ARKYD-100 Crowdfunding Campaign Eventually Reaches $1.5 million

(Credits: Planetary Resources).

(Credits: Planetary Resources).

Planetary Resources has concluded its crowdfunding campaign for the ARKYD-100 space telescope, reaching over $1.5 million on June 30. The main goal, set at $1 million, was surpassed on June 19 just 20 days after the campaign had started, although the company continued to take pledges until June 30, enabling further “stretch goals”.

“Thank you everyone who pushed it over the $1 million mark!” wrote Peter Diamandis, co-founder of Planetary Resources on the campaign’s website.

The campaign, launched during an event held at the Museum of Flight in Seattle on May 29, has seen 17,614 people pledging from $10 to more than $10,000 for the ARKYD-100 space telescope project. The ARKYD-100 will be a low-cost robotic telescope that will aid the search for potential target asteroids, which Planetary Resources plan to mine for minerals. The crowdfunding campaign promised different rewards according to the pledges submitted, even enabling the backers to point the space telescope to any celestial body and take an image, thanks to an easy-to-use control interface. The spacecraft will also be used for a number of applications in education and research.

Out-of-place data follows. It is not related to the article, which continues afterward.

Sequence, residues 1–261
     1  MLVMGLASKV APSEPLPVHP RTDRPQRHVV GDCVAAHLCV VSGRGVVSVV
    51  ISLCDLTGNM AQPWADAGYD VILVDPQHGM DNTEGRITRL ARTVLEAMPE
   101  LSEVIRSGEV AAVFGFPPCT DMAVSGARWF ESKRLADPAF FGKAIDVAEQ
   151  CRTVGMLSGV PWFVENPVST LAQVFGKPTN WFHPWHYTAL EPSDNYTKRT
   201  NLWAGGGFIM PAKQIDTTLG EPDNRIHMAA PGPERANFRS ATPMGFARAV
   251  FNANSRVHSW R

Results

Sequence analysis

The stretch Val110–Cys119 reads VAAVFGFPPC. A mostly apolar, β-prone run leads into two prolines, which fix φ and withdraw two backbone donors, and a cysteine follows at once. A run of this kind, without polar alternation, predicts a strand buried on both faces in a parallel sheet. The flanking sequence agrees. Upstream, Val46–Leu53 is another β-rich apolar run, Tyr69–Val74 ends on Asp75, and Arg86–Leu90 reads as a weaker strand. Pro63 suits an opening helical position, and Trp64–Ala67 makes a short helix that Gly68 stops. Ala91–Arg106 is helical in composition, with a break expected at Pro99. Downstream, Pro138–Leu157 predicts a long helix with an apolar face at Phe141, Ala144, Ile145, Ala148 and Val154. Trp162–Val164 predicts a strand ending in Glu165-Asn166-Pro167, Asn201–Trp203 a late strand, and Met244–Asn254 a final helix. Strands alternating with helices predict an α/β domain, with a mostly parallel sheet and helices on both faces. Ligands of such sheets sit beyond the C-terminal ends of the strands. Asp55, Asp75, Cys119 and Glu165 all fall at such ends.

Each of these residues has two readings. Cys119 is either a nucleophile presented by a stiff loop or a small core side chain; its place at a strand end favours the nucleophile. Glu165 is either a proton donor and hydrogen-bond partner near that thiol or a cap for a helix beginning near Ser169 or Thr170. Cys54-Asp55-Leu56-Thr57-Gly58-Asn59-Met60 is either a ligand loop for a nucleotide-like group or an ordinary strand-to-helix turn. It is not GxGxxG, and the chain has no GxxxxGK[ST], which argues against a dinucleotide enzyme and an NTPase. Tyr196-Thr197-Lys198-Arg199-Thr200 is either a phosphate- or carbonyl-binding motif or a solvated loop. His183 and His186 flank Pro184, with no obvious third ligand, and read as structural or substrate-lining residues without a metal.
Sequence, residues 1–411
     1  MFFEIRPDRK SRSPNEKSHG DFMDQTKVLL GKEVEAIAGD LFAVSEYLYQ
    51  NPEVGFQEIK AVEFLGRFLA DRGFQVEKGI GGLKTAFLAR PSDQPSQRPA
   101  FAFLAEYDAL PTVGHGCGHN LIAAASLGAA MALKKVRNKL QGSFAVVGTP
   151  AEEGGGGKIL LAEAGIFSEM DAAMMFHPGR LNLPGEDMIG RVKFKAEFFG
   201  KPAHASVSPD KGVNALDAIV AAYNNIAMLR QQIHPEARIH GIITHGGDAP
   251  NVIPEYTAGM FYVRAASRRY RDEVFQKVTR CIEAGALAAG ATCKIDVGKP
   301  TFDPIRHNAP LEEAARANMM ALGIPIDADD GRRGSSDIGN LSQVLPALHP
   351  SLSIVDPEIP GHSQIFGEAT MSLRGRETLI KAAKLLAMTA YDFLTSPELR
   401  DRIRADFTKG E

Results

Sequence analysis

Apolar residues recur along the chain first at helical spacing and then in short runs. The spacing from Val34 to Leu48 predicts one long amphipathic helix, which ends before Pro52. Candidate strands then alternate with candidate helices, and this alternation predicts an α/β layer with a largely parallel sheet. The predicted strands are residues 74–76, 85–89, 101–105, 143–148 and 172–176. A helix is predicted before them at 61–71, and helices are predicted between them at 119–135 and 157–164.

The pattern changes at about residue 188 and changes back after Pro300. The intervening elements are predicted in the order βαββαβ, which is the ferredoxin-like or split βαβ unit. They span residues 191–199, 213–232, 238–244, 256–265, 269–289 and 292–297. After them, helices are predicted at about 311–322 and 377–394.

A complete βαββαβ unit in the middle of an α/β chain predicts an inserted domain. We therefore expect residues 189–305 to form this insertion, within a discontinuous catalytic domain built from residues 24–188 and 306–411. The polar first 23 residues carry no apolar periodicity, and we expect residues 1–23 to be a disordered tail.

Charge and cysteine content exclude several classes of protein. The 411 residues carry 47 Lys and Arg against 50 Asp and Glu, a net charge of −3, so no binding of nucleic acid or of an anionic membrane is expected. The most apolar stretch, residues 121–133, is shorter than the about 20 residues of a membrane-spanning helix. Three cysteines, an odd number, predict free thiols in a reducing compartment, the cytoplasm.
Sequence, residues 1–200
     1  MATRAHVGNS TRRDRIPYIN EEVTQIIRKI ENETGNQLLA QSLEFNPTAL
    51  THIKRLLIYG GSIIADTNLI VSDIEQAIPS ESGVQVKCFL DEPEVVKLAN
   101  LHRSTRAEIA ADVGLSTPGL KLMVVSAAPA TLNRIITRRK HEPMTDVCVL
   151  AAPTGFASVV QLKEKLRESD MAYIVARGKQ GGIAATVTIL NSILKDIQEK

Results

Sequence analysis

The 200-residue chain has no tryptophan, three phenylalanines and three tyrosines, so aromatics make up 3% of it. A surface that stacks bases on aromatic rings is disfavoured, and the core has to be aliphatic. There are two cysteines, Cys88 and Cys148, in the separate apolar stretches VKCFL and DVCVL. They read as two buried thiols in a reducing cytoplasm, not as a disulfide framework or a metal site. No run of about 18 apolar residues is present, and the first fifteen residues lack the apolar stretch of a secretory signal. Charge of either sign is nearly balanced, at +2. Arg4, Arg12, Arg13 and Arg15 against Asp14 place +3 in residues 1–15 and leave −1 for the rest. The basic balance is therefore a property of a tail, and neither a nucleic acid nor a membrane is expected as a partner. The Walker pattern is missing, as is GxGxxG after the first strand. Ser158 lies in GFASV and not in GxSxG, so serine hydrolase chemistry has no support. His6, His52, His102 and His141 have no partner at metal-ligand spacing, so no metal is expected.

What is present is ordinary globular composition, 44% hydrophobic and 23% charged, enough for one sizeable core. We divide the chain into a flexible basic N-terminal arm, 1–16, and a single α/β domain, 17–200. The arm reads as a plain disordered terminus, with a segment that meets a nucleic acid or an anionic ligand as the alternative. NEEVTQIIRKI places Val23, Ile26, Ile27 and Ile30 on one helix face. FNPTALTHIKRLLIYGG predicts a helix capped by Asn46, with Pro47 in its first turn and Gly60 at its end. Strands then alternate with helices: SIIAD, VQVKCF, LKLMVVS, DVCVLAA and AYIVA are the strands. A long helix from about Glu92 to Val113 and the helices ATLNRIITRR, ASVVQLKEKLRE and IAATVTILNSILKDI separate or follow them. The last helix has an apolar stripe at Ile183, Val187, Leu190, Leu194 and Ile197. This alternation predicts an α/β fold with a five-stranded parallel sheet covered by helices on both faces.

During the last hours, it was announced that Virgin Galactic CEO, Richard Branson had made a pledge of $100,000 to the campaign. “I’m excited to be part of the Planetary Resources team working on extracting precious minerals from near Earth asteroids,” said Branson. “The only way to truly explore our Solar System is to develop the technology and means to sustain our presence in space without depleting resources of Earth.”

When the initial $1 million goal was reached, Planetary Resources announced additional stretch goals. The stretch goals included a supplementary ground station to speed-up the data downlink, and personalized pictures for each backers taken during the spacecraft’s build-up phase in 2014.

It is intended that the ARKYD-100 will reach orbit and become publicly accessible in 2015.

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